The ClipArt ETC website has over 70,000 line art images for teachers and students. There’s a lot of great black-and-white content there, but sometimes we want to add color to an image. In this post, you’ll learn one simple coloring technique that will change the process from frustrating to fast.
The Frustrating Way
Most people trying to colorize a black-and-white image try to fill white areas with a paint bucket tool. That will inevitably take many, many clicks and will leave nasty white pixels along edges. The more dedicated folks may try to draw color in with a brush or pencil tool. That will pretty much take forever and probably result in accidentally coloring over some of the desired black lines.
Before You Begin
Some clipart images you start with may be grayscale (black, white, and grays only) or indexed color (a very limited set of colors). You won’t be able to add the colors you want until you change the file to accept all colors. This setting is called the “mode.” You’ll need to change the mode to RGB, so you’ll have all the colors to work with. You’ll find this setting in different places depending on the graphics program you are using. In Photoshop, this is what the setting will look like:
Now the Fast, Fun Secret to Coloring ClipArt!
When you use the paintbrush in “normal” mode, the color on the brush replaces the color on the clipart. That’s great if you want to cover the image, but not if you want to color it. Instead, you need to paint with your brush in either a “darken” or “lighten” mode. The setting for your brush will be in different places depending on the graphics program you are using. In Photoshop, this is what the setting will look like:
Painting in the Lighten Mode
The lighten mode will lighten anything you paint over to the color on your brush. If you paint over white, nothing will happen because white is already the lightest color. If you paint over black, the black will lighten to the color on your brush. In the image below, the tree on the left is the original black-and-white clipart. The image on the right was painted over with the brush set to the lighten mode. Coloring the image took less than a minute.
Lighten mode works best with original images that have lots of dark areas, so there’s lots to color. You might want to try decreasing the opacity of your brush so you can build up multiple brushstrokes of overlapping colors. The fish image below took about two minutes to colorize and with half-dozen different color choices.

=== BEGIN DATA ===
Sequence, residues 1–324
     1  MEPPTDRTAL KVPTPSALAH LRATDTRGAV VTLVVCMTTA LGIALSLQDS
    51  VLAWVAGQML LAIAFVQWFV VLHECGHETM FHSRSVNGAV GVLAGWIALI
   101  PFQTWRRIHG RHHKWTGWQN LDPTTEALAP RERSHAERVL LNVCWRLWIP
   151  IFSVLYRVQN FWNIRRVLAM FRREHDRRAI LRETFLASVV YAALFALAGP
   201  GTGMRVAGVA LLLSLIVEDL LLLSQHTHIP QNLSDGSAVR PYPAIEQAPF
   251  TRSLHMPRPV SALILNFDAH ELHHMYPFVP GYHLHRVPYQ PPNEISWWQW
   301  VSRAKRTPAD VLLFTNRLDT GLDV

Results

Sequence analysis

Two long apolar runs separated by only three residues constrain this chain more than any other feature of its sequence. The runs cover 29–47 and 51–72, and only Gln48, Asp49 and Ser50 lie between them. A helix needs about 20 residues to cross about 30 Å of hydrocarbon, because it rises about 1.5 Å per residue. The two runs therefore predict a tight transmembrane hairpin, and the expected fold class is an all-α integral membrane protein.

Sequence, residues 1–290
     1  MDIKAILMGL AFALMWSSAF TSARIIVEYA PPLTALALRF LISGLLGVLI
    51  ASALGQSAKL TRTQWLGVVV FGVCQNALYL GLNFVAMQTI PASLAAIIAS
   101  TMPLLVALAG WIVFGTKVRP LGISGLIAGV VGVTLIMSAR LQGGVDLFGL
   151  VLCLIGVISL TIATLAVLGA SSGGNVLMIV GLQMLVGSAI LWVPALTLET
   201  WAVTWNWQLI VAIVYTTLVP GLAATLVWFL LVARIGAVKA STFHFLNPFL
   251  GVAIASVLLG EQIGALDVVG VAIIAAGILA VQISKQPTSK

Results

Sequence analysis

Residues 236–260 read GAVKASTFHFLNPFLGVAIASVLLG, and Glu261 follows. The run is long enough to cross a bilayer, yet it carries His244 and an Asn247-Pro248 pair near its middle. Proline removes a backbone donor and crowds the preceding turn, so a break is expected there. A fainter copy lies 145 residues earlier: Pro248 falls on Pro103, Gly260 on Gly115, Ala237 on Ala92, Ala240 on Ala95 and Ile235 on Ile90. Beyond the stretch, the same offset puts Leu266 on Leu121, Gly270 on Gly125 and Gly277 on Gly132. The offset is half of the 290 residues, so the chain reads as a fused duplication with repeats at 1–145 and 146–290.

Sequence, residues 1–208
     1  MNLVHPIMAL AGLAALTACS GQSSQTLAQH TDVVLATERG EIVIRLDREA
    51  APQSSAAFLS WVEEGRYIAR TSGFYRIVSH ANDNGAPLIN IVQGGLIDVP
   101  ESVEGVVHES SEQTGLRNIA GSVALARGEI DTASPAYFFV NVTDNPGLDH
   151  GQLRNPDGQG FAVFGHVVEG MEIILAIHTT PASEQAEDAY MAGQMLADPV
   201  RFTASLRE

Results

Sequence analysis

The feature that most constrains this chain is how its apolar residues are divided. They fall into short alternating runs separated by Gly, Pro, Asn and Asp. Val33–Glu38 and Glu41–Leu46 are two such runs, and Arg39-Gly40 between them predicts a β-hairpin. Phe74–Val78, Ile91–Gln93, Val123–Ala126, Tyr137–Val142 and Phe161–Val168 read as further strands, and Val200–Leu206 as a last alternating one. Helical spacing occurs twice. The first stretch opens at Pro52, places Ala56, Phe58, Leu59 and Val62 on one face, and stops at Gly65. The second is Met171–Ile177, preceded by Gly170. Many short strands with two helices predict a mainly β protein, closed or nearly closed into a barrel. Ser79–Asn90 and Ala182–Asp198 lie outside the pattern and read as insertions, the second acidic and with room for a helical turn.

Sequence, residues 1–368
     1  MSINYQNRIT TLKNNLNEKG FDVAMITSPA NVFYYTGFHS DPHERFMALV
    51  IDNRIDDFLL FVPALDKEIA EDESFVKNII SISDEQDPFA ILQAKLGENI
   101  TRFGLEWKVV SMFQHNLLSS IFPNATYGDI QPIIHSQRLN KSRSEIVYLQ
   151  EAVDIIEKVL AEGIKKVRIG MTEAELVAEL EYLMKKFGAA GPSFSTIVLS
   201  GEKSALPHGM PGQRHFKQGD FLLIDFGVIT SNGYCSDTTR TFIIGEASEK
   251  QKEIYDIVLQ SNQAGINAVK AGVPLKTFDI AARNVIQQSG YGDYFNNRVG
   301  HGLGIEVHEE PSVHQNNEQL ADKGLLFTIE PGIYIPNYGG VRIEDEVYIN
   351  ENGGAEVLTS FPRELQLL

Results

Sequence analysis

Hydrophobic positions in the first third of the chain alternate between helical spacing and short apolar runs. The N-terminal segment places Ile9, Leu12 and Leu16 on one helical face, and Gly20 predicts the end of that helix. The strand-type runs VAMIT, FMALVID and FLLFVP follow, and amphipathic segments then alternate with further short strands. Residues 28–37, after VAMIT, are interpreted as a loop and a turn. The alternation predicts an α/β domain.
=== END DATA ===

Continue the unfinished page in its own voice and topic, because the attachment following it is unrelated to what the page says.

Painting in the Darken Mode
The darken mode works the opposite of the lighten mode. It will darken anything you paint over to the color on your brush. If you paint over black, nothing will happen because black is already the darkest color. If you paint over white, the white will darken to the color on your brush. This is the mode you will use if you want to color an image as if it were a coloring book. Since your brush won’t change the existing black lines, you don’t have to worry about covering them up as you would if your brush were in the normal mode.
You can also mix both lighten and darken techniques in the same illustration. In the image below, the butterfly was “colored in” using the darken mode and the background grass was changed to green using the lighten mode.
Using Colorized Clipart in the Classroom
Now that you know how easy it is to paint in the lighten and darken modes, you’ll find lots of classroom uses.
Use the darken mode to highlight areas of a black-and-white image:
The darken mode is also great for writing on black-and-white maps. You could trace the route of an explorer or show the travels of a character from literature.
Use the lighten mode to add splashes of color to classroom displays.
Once you’ve mastered using the lighten and darken painting modes, you’ll want to explore further. Instead of always using the darken mode, you may want to try the multiply mode. It produces similar results. Likewise, the screen mode will produce results similar to the lighten mode. You can also try adding a layer overtop of your clipart and changing the blending mode of the layer, but that’s a topic for another post.
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